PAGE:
Reviews - Human Capital
Reviewed By Ian Payne
And so it was with Human Capital. What starts out as a tale of greed and opportunism turns into something altogether more complex in Paolo Virzi's excellent adaptation of a Stephen Amidon novel.
The starting point is a collision between a vehicle and a cyclist, late at night and we see the story unfold from the perspective of three characters, each chapter revealing a little more about the accident and interlocking lives of the protagonists.
We start with Dino, a grasping Estate Agent who seeks to profit, both financially and socially, from his daughter's relationship with the errant son of a wealthy banking family, the Bernaschis. So far, so familiar – having mortgaged the house, the chances of Dino's investment in Bernaschi's Hedge Fund paying the promised dividends was always going to be remote, but avarice makes you blind.
However in the marbled splendour of the banker's house is Carla – an unfulfilled trophy wife who gave up a promising acting career for the rugged good looks and quite possibly, the fortune of Signor Bernaschi. Desperate for a meaningful role in life she embarks on a project to save a theatre, which nonetheless requires the financial patronage of her husband. Crucially, it is her involvement in the project (or at least with another member of the committee) that prevents her from collecting her drunken son, Massimillio, from a party on the night of the accident.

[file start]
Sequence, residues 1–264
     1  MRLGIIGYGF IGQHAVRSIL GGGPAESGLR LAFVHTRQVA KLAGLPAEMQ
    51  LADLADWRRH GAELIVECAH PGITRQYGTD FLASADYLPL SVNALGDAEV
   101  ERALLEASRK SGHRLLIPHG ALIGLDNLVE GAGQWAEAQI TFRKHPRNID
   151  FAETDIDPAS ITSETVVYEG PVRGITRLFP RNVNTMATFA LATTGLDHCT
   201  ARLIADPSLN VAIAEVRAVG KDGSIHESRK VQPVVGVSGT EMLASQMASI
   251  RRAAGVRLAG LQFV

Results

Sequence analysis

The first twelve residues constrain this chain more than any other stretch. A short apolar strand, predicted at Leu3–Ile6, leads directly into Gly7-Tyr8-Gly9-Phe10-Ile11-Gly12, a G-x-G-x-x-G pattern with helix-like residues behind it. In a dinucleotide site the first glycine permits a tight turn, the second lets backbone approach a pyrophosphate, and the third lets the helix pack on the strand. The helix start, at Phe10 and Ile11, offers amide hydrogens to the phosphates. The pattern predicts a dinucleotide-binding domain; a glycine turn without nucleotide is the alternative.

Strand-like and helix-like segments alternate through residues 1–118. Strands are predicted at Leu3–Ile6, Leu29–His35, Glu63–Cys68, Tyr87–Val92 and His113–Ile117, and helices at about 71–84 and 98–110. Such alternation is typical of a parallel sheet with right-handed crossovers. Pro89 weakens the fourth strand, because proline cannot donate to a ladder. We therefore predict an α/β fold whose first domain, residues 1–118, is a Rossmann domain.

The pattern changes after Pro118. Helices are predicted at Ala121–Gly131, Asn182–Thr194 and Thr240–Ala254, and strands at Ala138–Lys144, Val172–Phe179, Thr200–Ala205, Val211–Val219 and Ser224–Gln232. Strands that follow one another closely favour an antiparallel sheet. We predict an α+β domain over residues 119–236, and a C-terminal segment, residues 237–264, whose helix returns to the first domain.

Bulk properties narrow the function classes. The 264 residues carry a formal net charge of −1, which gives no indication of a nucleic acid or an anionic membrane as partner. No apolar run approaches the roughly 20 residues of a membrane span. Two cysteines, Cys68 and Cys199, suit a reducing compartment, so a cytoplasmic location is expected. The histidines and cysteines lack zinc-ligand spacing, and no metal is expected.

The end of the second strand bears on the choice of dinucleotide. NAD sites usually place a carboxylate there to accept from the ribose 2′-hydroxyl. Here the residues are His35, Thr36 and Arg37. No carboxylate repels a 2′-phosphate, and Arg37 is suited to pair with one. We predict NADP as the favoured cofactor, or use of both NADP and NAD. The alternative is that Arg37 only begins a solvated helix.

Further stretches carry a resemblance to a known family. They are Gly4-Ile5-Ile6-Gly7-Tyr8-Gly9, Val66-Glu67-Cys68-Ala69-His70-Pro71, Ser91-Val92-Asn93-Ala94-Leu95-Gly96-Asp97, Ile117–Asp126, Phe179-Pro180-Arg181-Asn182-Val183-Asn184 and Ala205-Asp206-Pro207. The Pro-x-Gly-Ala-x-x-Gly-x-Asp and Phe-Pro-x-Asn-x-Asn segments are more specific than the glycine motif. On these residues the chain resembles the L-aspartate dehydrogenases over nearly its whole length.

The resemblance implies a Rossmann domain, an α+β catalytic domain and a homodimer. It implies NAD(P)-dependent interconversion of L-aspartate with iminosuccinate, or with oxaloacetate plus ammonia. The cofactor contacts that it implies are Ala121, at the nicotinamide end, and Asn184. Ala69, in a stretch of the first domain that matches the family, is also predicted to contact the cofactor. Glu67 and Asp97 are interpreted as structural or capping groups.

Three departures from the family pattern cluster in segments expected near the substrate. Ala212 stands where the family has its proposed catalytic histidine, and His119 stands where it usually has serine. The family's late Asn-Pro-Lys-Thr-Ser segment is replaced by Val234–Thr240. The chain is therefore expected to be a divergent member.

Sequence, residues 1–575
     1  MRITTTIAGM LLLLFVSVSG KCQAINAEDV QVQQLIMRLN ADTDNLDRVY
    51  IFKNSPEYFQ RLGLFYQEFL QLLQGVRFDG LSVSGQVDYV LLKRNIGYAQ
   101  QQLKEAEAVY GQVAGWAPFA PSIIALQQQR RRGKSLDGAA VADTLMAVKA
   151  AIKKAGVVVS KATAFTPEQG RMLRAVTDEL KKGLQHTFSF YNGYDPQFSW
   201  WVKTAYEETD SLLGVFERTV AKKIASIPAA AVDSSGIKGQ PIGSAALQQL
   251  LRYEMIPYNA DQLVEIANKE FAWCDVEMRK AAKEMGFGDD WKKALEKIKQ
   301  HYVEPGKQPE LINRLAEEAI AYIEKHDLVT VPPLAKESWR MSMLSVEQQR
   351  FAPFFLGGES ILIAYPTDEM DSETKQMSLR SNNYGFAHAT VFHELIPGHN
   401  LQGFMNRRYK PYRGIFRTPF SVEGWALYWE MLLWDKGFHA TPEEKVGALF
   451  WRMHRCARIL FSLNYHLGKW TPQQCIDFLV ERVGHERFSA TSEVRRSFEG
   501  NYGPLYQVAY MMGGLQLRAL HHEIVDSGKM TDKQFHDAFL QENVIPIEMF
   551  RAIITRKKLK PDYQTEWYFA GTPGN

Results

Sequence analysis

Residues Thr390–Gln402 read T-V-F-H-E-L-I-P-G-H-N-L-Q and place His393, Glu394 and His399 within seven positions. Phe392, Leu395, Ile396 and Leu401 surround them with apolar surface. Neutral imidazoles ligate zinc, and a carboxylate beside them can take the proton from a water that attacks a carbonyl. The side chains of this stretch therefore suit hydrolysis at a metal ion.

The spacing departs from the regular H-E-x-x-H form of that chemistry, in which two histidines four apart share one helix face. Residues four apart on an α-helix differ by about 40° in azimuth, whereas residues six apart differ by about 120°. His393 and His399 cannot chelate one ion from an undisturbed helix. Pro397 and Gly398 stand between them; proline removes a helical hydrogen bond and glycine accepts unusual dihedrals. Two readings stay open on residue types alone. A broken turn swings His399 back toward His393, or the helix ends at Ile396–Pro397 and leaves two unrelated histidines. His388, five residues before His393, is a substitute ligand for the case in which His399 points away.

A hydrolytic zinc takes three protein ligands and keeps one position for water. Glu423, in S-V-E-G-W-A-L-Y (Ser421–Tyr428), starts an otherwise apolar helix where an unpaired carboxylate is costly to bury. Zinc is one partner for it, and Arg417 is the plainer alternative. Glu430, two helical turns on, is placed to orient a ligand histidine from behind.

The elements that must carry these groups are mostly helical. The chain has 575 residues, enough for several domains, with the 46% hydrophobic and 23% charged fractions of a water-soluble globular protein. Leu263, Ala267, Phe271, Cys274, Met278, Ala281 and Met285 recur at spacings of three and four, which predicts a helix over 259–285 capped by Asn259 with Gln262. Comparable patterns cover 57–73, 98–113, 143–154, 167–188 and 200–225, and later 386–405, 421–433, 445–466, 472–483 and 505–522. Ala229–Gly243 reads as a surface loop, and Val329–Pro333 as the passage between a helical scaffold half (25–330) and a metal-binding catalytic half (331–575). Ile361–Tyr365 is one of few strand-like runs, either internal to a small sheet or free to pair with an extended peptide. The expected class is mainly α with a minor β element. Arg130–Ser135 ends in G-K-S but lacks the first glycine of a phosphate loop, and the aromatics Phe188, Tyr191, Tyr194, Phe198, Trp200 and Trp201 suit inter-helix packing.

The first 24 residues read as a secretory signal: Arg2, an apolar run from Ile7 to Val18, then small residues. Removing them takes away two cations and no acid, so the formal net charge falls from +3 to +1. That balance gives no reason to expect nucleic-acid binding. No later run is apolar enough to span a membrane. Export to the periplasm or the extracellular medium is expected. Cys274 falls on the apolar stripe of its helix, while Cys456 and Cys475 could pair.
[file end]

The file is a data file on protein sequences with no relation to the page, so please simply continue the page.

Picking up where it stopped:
Then there is Serena, Dino's daughter. Central to the mystery, the film revolves around her. Her relationship with Massimillio is not quite what it seems to both sets of parents and it she is determined to keep her secret. Matilde Gioli who plays Serena is the stand out performance of the film and you are left to wonder how a character as odious as Dino could father such a spirited and beautiful girl.
The denouement of the film comes as the financial markets crash and after one more awful betrayal of his family by Dino, to save his own skin. As for the rich folk at the top of the hill, well, life goes on.
Human Capital combines the elegance that you would expect from its setting in moneyed Milan with a complex and taughtly-told mystery that has more to do with love than power. It was Italy's entry for the best foreign language Oscar and having seen the shortlisted films Two days, One Night, Ida and Leviathan earlier in the Film Club season, Human Capital is not out of place in that sort of company. Praise indeed.
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